785. I would like to follow up, Minister, because I think it is important because it goes to the heart of our policy of sanctions and whether or not it is working and, as you rightly say, it has been going on for a number of years. It is very nearly nine years. It is nine years since they invaded Kuwait so it is nine years since we had sanctions. But I remember James Baker after the Gulf War saying, "I think we have taught Saddam Hussein a lesson", and this seems to me to go to the heart of the failure of the Government—and I am not blaming your particular Government because it was the same under the last Government—of how do we progress. I support sanctions, do not misunderstand me and I am sure Mrs Clwyd does as well, it is just how it is targeted and how it has worked. It has not led to the peace we would wish to see in that area. I have to say the problem is quite simple. The problem is Saddam Hussein and his regime and therefore I think it is a bit mealy-mouthed not to come out and say, "This is the man. Get rid of him", and everything we do with the sanctions policy should be targeted to getting him out. We all know sanctions are a blunt instrument but, as Mrs Clwyd has said, why not be a little bit more clever and more subtle and try to assist the people in the north and the people in the south and indeed the ordinary population and try to get at him and it seems to me that we are not doing that.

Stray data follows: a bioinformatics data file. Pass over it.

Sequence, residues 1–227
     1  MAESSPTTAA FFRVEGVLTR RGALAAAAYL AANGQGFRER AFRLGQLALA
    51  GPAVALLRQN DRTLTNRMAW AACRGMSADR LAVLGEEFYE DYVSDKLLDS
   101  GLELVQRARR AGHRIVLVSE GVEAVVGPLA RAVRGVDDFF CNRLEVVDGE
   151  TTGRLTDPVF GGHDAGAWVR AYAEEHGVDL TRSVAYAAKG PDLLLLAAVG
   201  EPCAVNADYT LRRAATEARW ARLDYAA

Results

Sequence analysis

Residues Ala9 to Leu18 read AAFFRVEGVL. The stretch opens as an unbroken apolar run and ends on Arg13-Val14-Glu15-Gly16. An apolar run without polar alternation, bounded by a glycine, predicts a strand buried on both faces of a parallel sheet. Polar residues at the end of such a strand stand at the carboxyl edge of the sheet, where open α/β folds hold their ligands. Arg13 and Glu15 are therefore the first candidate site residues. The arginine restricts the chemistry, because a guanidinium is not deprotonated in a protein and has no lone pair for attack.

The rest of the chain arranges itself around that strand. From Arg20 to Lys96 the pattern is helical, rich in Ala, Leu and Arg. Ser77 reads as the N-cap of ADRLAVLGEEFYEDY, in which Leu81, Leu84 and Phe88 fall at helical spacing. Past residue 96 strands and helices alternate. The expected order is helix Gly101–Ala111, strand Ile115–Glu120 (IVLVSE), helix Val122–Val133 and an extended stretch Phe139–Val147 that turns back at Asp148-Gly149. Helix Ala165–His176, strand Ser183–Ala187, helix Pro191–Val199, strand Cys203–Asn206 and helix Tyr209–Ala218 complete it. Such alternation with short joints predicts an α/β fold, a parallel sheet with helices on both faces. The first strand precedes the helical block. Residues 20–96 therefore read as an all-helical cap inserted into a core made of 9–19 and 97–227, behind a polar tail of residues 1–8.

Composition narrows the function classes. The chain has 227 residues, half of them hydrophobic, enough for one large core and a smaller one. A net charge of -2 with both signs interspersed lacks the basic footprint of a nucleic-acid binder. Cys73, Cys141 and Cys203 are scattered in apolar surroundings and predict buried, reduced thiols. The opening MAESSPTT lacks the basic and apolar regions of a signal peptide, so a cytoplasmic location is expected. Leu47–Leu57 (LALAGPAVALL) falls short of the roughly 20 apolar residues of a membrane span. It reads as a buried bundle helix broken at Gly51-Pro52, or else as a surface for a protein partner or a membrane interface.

(Mr Hain) People in the north have already been assisted as indicated by the different health indices, which is very encouraging. I understand the Honourable Member's frustration on this but the fact is that Saddam Hussein is the prime road block on the path to a peaceful, stable Iraq.

  786. Is it the Government's policy to get rid of him or to assist in his removal?
  (Mr Hain) The point about Saddam Hussein is that his policies have got to change.

  787. He has to change, surely?
  (Mr Hain) It is very, very difficult to foresee a future prosperous, stable and peaceful Iraq with Saddam Hussein at the helm but I do not want to respond in the way you are inviting me to, attractive and tempting though it is. I do not want to make an empty statement or gesture which cannot then be implemented. I think this policy, difficult though it has been, is the best policy both to contain his aggressive threat to the outside world. He is still pursuing his programme of developing weapons of mass destruction threatening many countries, indeed the whole world, and that is why the Security Council Resolution which we have been actively working on and want to bring to a head, as I say, before the end of next week is crucial and all the countries of the world that are serious about changing the situation in Iraq should sign up to it and get it through the Security Council pronto.